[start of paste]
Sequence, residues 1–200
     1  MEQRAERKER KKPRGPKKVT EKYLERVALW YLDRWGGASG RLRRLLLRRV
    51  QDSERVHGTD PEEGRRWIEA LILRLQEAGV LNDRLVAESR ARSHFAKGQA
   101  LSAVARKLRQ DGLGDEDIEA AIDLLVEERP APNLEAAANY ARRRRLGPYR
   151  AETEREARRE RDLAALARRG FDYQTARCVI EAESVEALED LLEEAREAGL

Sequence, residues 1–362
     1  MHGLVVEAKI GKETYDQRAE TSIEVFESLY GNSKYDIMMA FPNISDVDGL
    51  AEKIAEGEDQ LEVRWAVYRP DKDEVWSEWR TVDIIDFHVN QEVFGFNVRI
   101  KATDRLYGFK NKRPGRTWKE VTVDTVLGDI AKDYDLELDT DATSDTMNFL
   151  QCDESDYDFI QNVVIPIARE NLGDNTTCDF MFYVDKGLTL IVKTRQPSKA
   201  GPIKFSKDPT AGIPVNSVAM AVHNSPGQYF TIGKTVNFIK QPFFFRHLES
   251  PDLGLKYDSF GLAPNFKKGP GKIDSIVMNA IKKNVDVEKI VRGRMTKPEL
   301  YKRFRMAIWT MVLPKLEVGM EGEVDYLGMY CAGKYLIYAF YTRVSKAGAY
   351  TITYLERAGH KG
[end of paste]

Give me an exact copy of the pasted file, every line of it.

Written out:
Sequence, residues 1–200
     1  MEQRAERKER KKPRGPKKVT EKYLERVALW YLDRWGGASG RLRRLLLRRV
    51  QDSERVHGTD PEEGRRWIEA LILRLQEAGV LNDRLVAESR ARSHFAKGQA
   101  LSAVARKLRQ DGLGDEDIEA AIDLLVEERP APNLEAAANY ARRRRLGPYR
   151  AETEREARRE RDLAALARRG FDYQTARCVI EAESVEALED LLEEAREAGL

Sequence, residues 1–362
     1  MHGLVVEAKI GKETYDQRAE TSIEVFESLY GNSKYDIMMA FPNISDVDGL
    51  AEKIAEGEDQ LEVRWAVYRP DKDEVWSEWR TVDIIDFHVN QEVFGFNVRI
   101  KATDRLYGFK NKRPGRTWKE VTVDTVLGDI AKDYDLELDT DATSDTMNFL
   151  QCDESDYDFI QNVVIPIARE NLGDNTTCDF MFYVDKGLTL IVKTRQPSKA
   201  GPIKFSKDPT AGIPVNSVAM AVHNSPGQYF TIGKTVNFIK QPFFFRHLES
   251  PDLGLKYDSF GLAPNFKKGP GKIDSIVMNA IKKNVDVEKI VRGRMTKPEL
   301  YKRFRMAIWT MVLPKLEVGM EGEVDYLGMY CAGKYLIYAF YTRVSKAGAY
   351  TITYLERAGH KG